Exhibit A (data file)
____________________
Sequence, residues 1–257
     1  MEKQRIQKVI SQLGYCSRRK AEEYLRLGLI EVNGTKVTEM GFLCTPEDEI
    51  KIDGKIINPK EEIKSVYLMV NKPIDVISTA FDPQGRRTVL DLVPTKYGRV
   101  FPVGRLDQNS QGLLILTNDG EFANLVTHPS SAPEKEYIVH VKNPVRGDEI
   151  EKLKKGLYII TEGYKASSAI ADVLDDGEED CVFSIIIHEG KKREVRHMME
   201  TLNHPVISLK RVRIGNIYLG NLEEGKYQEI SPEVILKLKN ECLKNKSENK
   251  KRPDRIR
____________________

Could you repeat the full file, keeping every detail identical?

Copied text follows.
Sequence, residues 1–257
     1  MEKQRIQKVI SQLGYCSRRK AEEYLRLGLI EVNGTKVTEM GFLCTPEDEI
    51  KIDGKIINPK EEIKSVYLMV NKPIDVISTA FDPQGRRTVL DLVPTKYGRV
   101  FPVGRLDQNS QGLLILTNDG EFANLVTHPS SAPEKEYIVH VKNPVRGDEI
   151  EKLKKGLYII TEGYKASSAI ADVLDDGEED CVFSIIIHEG KKREVRHMME
   201  TLNHPVISLK RVRIGNIYLG NLEEGKYQEI SPEVILKLKN ECLKNKSENK
   251  KRPDRIR